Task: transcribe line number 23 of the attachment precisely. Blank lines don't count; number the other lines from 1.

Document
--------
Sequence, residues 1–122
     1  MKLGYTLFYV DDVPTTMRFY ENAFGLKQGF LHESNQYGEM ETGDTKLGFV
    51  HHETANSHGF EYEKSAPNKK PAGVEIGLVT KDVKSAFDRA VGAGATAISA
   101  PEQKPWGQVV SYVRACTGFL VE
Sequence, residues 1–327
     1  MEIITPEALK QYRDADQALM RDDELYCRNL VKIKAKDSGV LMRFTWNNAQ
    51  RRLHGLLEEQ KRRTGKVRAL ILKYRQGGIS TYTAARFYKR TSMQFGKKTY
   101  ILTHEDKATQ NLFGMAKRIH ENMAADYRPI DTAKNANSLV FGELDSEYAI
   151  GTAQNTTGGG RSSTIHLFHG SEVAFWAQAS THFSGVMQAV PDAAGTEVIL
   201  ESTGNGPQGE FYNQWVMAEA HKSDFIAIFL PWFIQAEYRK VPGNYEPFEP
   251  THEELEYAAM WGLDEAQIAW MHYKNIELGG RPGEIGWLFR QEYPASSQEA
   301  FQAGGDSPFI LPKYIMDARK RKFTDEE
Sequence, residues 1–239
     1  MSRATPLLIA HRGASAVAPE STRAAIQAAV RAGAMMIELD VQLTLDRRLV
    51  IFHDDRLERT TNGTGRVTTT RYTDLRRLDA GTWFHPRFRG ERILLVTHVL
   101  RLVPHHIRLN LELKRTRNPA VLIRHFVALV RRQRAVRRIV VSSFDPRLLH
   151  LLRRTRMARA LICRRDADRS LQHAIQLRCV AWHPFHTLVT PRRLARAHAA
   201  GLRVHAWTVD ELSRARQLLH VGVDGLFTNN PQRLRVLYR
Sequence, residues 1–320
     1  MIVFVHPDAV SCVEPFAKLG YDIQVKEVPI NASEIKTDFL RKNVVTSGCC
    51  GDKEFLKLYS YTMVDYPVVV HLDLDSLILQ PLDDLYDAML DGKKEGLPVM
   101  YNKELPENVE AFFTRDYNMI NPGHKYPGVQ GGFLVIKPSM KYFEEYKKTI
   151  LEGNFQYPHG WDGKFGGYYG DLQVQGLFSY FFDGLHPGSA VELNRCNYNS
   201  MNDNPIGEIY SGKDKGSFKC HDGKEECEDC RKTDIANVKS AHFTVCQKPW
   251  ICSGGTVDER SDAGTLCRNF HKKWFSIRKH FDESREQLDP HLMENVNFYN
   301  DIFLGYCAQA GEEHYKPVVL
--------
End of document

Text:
   151  LEGNFQYPHG WDGKFGGYYG DLQVQGLFSY FFDGLHPGSA VELNRCNYNS